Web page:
We often hear about how to onboard new employees, but what costly mistakes should employers avoid? The lengths you go to welcome, train, and integrate new hires in their first days, weeks, and year has a lasting impact on morale and performance.
Hence, a solid onboarding program should be the first line of defense in your employee retention strategies!
Some start off strong, but the efforts dwindle after the first few days or weeks. Some inundate new team members with information and throw them to the wolves. Other organizations have no onboarding process.
There are several key areas where many companies get it wrong, missing significant opportunities to set the tone and hold onto their talent. Below are nine common mistakes to avoid during new employee onboarding.
1. Not having an employee onboarding process
Often, businesses hire when they’re growing rapidly and need more bandwidth. The owner and managers are overwhelmed. Without an employee onboarding process, the whole thing gets pushed to the bottom of everyone’s priorities. New hires are left to sink or swim.
The lack of an onboarding program causes new hires stress, confusion about their job and responsibilities, and frustration. There are oversights, and both managers and employees are left scrambling. Not to mention, managers and peers are unclear about their roles in the onboarding process. In turn, your business experiences poor employee performance, productivity, job satisfaction, and retention.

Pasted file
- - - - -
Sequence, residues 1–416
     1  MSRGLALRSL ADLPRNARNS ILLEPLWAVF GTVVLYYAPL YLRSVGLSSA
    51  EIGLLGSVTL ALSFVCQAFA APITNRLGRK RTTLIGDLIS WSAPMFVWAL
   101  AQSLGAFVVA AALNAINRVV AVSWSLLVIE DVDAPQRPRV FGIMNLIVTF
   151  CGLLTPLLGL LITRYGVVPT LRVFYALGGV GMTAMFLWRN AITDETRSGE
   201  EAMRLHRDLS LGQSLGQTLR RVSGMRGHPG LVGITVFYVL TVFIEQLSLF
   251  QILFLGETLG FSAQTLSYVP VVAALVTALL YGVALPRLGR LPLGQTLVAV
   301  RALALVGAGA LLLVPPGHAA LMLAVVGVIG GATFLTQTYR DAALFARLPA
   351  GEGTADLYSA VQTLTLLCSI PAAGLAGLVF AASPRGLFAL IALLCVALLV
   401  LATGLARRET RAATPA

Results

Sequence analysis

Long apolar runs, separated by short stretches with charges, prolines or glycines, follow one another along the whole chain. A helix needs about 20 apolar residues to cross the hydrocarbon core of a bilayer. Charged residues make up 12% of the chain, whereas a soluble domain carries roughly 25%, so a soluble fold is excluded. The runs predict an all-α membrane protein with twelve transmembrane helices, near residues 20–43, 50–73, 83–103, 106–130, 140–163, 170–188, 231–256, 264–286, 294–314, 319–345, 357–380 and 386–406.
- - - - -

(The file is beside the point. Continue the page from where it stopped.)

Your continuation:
Implementing a thorough program is crucial to making an excellent first impression and encouraging employees to stay. Learn about the five stages of new employee onboarding and what to cover in each phase.
Do you have virtual team members? You’ll need a specific strategy for onboarding remote employees to ensure they feel supported and engaged, even from a distance. This will take a more conscious effort in areas like face-to-face interactions, digital platforms, and virtual training.
2. Viewing it as an exclusive HR responsibility
It’s not only on your HR team to onboard new employees; you must also get buy-in from managers. Unfortunately, many leaders figure it’s up to HR to ensure new team members get all the support, information, and training they need. This often results in disengaged employees who don’t stick around long.
When managers actively engage with new hires, it profoundly impacts their early experience with the company. Gallup found that employees are 3.4 times more likely to strongly agree their onboarding experience was exceptional when managers take an active role in the process.
3. Not giving them a new hire buddy
As the business owner or manager, you likely won’t be available 100% of the time for new hires. So who can show them the ropes regularly? Provide new perspectives and tips from someone who enjoys working there? You’d be remiss not to assign a new hire buddy!